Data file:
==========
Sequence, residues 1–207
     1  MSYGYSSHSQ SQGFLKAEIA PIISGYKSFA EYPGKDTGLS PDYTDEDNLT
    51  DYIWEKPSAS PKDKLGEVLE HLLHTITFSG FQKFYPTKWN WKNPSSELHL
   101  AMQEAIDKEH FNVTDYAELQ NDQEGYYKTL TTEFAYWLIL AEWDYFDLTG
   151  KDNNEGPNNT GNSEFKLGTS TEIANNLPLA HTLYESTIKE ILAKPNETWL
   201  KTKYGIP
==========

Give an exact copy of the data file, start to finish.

Sequence, residues 1–207
     1  MSYGYSSHSQ SQGFLKAEIA PIISGYKSFA EYPGKDTGLS PDYTDEDNLT
    51  DYIWEKPSAS PKDKLGEVLE HLLHTITFSG FQKFYPTKWN WKNPSSELHL
   101  AMQEAIDKEH FNVTDYAELQ NDQEGYYKTL TTEFAYWLIL AEWDYFDLTG
   151  KDNNEGPNNT GNSEFKLGTS TEIANNLPLA HTLYESTIKE ILAKPNETWL
   201  KTKYGIP